Measurement of lactate in a prehospital setting is related to outcome

Paul A. van Beest*, Peter Jan Mulder, Suparto Bambang Oetomo, Bert van den Broek, Michael A. Kuiper, Peter E. Spronk

*Corresponding author for this work

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    Abstract

    Objective We evaluated the relationship of lactate measured in a preclinical setting with outcome. Simultaneously, we evaluated the feasibility of implementing blood lactate measurement in a prehospital setting as part of a quality improvement project

    Methods Chart review of patients from whom serum lactate levels prospectively were obtained in a prehospital setting. Total population was divided into two groups, that is, a shock group and a non-shock group according to the predefined shock symptoms. The shock group was divided into two groups, that is, a lactate less than 4 mmol/l (subgroup 1) and a lactate of at least 4 mmol/l (subgroup 11).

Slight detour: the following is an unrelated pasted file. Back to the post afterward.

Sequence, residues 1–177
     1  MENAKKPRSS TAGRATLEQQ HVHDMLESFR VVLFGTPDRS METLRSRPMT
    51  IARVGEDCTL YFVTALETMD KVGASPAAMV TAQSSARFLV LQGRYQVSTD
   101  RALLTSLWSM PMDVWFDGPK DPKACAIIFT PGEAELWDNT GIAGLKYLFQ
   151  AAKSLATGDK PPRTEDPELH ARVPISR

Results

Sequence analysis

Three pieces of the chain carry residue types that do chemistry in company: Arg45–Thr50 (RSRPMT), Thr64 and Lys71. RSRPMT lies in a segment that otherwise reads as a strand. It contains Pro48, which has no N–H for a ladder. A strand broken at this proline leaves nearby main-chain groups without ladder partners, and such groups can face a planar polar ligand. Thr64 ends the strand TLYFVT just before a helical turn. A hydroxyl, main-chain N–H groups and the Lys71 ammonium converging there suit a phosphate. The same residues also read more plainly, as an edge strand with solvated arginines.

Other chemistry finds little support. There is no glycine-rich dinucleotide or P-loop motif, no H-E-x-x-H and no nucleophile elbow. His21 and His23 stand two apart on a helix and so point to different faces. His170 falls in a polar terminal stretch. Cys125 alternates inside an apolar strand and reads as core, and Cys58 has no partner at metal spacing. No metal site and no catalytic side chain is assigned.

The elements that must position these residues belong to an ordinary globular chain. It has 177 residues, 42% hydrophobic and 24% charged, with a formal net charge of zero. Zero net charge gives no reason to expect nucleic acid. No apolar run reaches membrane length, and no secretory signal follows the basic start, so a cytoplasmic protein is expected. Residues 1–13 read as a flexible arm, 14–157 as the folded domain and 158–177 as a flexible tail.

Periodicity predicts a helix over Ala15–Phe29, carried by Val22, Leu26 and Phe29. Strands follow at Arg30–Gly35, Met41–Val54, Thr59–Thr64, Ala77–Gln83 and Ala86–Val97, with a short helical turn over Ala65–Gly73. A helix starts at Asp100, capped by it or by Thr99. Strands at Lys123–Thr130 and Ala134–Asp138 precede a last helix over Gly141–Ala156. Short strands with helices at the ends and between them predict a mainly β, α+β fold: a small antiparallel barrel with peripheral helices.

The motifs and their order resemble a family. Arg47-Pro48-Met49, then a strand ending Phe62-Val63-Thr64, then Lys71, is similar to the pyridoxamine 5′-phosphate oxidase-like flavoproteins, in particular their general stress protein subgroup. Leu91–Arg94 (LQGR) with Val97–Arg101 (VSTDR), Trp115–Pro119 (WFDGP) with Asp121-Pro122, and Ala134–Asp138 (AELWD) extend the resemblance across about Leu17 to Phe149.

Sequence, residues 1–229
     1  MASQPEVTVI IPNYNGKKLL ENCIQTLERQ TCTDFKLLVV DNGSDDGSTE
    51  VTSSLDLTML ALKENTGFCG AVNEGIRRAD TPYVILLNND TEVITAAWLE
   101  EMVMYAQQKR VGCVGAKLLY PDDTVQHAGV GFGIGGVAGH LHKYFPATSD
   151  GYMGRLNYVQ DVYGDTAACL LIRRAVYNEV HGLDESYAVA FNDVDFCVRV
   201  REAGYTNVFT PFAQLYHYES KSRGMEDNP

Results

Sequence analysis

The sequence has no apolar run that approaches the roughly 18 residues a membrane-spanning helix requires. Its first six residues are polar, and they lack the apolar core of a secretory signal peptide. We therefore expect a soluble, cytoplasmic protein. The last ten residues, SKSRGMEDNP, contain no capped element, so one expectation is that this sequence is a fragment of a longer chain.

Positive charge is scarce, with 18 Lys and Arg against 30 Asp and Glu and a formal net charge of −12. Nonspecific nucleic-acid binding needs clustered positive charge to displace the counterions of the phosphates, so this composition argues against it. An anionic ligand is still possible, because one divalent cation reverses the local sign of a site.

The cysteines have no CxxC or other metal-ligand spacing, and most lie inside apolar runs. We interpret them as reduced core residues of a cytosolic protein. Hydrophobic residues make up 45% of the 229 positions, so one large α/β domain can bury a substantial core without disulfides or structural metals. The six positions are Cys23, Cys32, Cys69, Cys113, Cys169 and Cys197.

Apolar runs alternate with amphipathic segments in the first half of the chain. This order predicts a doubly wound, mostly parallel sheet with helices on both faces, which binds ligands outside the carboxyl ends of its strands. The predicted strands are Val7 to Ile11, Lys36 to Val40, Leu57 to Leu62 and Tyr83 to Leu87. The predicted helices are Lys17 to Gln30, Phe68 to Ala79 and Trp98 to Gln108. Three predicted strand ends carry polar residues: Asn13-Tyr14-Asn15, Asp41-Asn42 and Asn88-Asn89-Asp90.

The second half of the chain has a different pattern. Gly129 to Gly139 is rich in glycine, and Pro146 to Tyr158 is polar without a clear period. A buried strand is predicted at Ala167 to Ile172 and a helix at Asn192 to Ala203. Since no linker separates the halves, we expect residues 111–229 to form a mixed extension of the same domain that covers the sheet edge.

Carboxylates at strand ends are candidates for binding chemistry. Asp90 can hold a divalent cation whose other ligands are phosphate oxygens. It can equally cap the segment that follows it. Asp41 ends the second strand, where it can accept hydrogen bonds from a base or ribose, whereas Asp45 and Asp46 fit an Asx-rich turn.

Results In about 50% of possible cases, lactate was measured in the prehospital setting. Median lactate in subgroup I (n=74) was 3.2 (1.5-3.9) mmol/l versus 5.0 (4.0-20.0) mmol/l in subgroup I I (n = 61) (P

    Conclusion Implementation of lactate measurement in prehospital setting is feasible, and potentially clinical relevant. Lactate measured in a preclinical setting is related to outcome. Subsequent studies should evaluate whether treatment of shock patient Is based on prehospital lactate measurement will improve outcome. European Journal of Emergency Medicine 16:318-322 (C) 2009 Wolters Kluwer Health | Lippincott Williams & Wilkins.

    Original languageEnglish
    Pages (from-to)318-322
    Number of pages5
    JournalEuropean journal of emergency medicine
    Volume16
    Issue number6
    DOIs
    Publication statusPublished - Dec-2009

    Keywords

    • early diagnosis
    • lactic acid
    • prehospital emergency care
    • regional health planning
    • shock
    • OXYGEN-DERIVED VARIABLES
    • HUMAN SEPTIC SHOCK
    • BLOOD LACTATE
    • MYOCARDIAL-INFARCTION
    • OCCULT HYPOPERFUSION
    • CRITICALLY ILL
    • SEVERE SEPSIS
    • TRAUMA
    • MORTALITY
    • RELIABILITY

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